ISPO

Published in Cancer Detection and Prevention 2000; 24(Supplement 1).

Anticancer effect of nitric oxide and therapeutic drugs on human hematological malignant cells: Analysis by in vitro monitoring using MTT assay and flow cytometry

M Tsumori MD PhD 1, J Tanaka MD PhD 1, K Koshimura MD PhD 1, M Kawaguchi PhD 1, Y Murakami MD PhD 1, Y Kato MD PhD 1

1 First Div, Dept Medicine, Shimane Medical University, Izumo, Japan, kunio@shimane-med.ac.jp

AIMS: There have been several reports that NO has cytotoxic effects on human cell lines of leukemia and lymphoma, suggesting that NO donors can be a chemotherapeutic agent. We investigated the possibility of NO as a novel anticancer agent using primally isolated human malignant cells. METHODS: Malignant cells were obtained from venous blood, bone marrow or ascites of hospitalized patients with malignant lymphoma (n=3), multiple myeloma (n=2), acute myelogenic leukemia (n=8) and myelodysplastic syndrome (n=1). Normal leukocytes were collected from 4 healthy volunteers. After washing, collected cells were layered on Histopaque-1077 (Sigma). After centrifugation, the cells in the opaque interface was washed, plated (2-4 x 106/ml) and cultured in RPMI 1640 supplemented with 10% fetal calf serum for 3-5 days before experiments. The cells were added with anticancer drugs or sodium nitroprusside (SNP) and cultured for 3 days. Total viable cell number was measured with MTT assay and subpopulation of viable cells was analyzed by flow cytometry. RESULTS: SNP was sensitive to lymphoma cells of 2 of 3 examined patients but resistant to myeloma cells of one patient and leukemia cells of 4 patients. Prior to chemotherapy, most of anticancer drugs were sensitive to malignant cells, whereas some drugs were insensitive after chemotherapy. In contrast, SNP was sensitive to lymphoma cells after the therapy. Peripheral lymphocytes of healthy volunteers and patient with lymphoma were resistant to anticancer drugs and SNP. CONCLUSIONS: SNP was effective in lymphoma cells, but not in myeloma cells, leukemia cells or normal lymphocytes.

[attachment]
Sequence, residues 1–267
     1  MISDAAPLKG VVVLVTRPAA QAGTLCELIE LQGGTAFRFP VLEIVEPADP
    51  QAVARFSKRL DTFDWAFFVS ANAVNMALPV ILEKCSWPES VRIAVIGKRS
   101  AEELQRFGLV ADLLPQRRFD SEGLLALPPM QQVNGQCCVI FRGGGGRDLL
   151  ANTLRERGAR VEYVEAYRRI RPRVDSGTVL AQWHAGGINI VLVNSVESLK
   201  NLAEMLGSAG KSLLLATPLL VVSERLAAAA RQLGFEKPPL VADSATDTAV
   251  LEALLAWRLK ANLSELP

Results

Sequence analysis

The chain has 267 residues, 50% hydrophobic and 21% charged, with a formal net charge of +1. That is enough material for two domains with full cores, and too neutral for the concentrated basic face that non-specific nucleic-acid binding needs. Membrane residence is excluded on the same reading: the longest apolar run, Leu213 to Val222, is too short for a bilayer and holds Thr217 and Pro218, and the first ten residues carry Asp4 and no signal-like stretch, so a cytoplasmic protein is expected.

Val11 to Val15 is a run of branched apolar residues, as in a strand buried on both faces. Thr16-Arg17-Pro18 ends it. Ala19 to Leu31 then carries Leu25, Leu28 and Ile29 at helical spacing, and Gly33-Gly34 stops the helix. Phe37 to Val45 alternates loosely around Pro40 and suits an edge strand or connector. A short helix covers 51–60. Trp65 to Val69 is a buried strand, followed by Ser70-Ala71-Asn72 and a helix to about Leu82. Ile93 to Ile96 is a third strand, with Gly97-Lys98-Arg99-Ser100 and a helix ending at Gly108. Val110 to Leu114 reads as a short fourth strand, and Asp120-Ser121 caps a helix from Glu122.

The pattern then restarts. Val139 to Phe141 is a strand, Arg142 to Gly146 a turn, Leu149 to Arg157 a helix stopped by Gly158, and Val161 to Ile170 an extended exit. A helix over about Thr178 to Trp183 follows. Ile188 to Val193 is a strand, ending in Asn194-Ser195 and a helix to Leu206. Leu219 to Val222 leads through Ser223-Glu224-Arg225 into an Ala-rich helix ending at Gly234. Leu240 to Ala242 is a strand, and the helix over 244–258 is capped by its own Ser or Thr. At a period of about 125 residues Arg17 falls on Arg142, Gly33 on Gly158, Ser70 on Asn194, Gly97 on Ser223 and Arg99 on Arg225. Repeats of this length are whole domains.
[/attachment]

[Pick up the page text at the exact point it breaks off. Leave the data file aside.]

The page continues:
KEY WORDS: oxidative stress, apoptosis.

For more information, contact kunio@shimane-med.ac.jp

Paper presented at the International Symposium on Impact of Biotechnology on Cancer Diagnostic & Prognostic Indicators; Geneva, Switzerland; October 28 - 31, 2000; in the section on novel therapies.

http://www.cancerprev.org/Journal/Issues/24/101/409/3317